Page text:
Late last month, a malfunction occurred in the instrumentation of the Hubble Space Telescope. This failure was serious enough that NASA decided to delay its repair mission to the Hubble Telescope and proceed with its next space shuttle mission.
During the last weekend in September, the Hubble Space Telescope experienced an anomaly that affected its ability to store and transmit data from its scientific instruments to Earth.
As a result, the telescope’s servicing mission that was scheduled to be launched with the space shuttle Atlantis on Oct. 10 is now under review and has been postponed until an undecided date in 2009. NASA, rightly so, wants to investigate the problem and determine what change, if any, it could have for the Hubble’s final servicing mission.
There is a backup method for the data transmission system; however, to implement this option is a complex process because a number of modules used in managing the data must also be switched over. Of concern is that these units were last tested before installation in the Hubble, a time roughly 20 years ago.
An alternative that is under study would be to send replacement parts on the next Hubble servicing mission and install these components in the telescope. This would make the itinerary for the final repair mission more formidable than the five days of spacewalks that were already planned.
Testing of a replacement data-transmission unit would first need to be done at the Goddard Space Flight Center in Maryland and then delivered to the Kennedy Space Center in Florida. NASA estimates that this course of action will take at least until January.
The next space shuttle mission, STS-126, will be flown by Endeavor and will transport new equipment to the Space Station. The launch is scheduled for Nov. 14 at 7:55 p.m. Endeavor’s payload includes additional living quarters for the space station’s crew, equipment for the station’s life support system, spare hardware and a treadmill.
Endeavor’s crew will be on a 15-day flight that has four spacewalks on its timetable. These extra-vehicular activities are primarily targeted for repairing and servicing the main rotary joint of the station’s solar panels. This connection allows these energy cells to rotate and track the sun. Since 2007, one of these rotary joints has shown “anomalous behavior,” so its use has been minimized. To remedy the rotary joint issue, some of its bearings will be lubricated and others replaced.
This will be the 22nd trip into space for Endeavor and the 27th time a space shuttle has flown to the space station.
On Oct. 6, the Messenger planetary probe looped around the closest planet to the sun, Mercury, for the second time this year. Early the next day, Messenger sent back dramatic images of a bright crater. This crater has such an extensive pattern of rays extending from it that they reach from the planet’s northern regions deep into its southern hemisphere.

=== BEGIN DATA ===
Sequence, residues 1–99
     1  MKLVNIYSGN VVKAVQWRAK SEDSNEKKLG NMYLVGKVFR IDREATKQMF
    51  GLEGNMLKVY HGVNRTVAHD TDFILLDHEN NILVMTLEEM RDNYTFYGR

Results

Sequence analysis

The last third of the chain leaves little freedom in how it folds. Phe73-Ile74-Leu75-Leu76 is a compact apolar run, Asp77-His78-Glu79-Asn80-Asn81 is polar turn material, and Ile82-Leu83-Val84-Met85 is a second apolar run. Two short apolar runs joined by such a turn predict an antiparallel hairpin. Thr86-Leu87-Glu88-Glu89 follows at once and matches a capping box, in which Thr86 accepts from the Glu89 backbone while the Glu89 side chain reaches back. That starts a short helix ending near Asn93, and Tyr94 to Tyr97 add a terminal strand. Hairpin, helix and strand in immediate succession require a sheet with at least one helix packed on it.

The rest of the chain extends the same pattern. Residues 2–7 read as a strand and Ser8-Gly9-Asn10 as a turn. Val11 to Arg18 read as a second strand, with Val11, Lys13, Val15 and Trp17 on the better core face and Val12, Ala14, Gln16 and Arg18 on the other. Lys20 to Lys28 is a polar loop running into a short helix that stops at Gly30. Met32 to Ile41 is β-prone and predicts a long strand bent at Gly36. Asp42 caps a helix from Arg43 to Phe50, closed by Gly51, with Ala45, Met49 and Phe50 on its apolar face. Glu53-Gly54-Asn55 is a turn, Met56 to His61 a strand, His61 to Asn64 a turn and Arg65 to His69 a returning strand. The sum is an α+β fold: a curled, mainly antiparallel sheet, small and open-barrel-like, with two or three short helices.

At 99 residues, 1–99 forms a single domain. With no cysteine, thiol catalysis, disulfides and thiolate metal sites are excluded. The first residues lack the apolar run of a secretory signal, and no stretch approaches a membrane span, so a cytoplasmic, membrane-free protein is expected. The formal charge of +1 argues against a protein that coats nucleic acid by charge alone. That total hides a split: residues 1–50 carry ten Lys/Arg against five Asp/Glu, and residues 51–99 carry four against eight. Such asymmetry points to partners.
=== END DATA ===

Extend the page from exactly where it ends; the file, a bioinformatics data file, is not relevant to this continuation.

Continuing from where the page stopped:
Messenger was launched Aug. 3, 2004, on an almost 5 billion-mile journey that is taking it 15 times around the sun, once by Earth, twice by Venus and three times around Mercury. Most of these orbital loops have been completed. After a few more orbits around the sun and one more around Mercury next September, Messenger will complete its winding path and enter into permanent orbit around the planet in March 2011.
Messenger will be the first spacecraft to have such an orbit around Mercury, which is the smallest of the eight planets and, on average, 50 million miles from Earth. The probe’s multibillion-mile journey was necessary in order for the gravity of the sun and inner planets to guide Messenger into the correct flight path around Mercury. The probe must match Mercury’s speed and location so it can circle in a close planetary orbit. In addition, the initial flybys of Mercury allowed the spacecraft to gather important information essential to determining its permanent orbit.
Before the Messenger mission, Mariner 10 was only spacecraft to have photographed Mercury. Mariner 10 flew by Mercury three times in 1974 and 1975 but was only able to get images of less than half the planet.
Venus has been slowly gaining altitude in the southwest since its emergence into the evening sky in June. During that time, the glow of Venus was subdued because it was positioned very low in the twilight and, therefore, also difficult to find. But since mid-October, the goddess planet has shone above the sunset glow and its eye-catching brightness is easy to notice.
Meanwhile, Jupiter, the bright starlike object found in the south-southwest as the sky gets dark, is positioned farther toward the horizon each day. Consequently, with Venus getting higher in the evening sky and Jupiter getting lower, the two planets spend November slowly closing the intervening gap between each other.
That gap will be at its minimum on the last day of November, when Venus and Jupiter make a very close pairing, low in the early evening sky. It will be a stunning display; nevertheless, this remarkable view will be outdone the next evening when the crescent moon joins the two bright planets. These three celestial objects flanking one another in the southwestern sky will create a simply spectacular sight.
Richard Monda is an astronomer living the Capital Region.
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